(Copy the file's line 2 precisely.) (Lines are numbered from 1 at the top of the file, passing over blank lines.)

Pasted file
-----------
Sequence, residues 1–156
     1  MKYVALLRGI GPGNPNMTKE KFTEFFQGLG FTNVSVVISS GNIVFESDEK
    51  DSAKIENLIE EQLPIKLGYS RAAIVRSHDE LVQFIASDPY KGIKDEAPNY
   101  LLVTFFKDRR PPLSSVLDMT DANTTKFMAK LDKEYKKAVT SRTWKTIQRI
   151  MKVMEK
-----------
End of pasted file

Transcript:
     1  MKYVALLRGI GPGNPNMTKE KFTEFFQGLG FTNVSVVISS GNIVFESDEK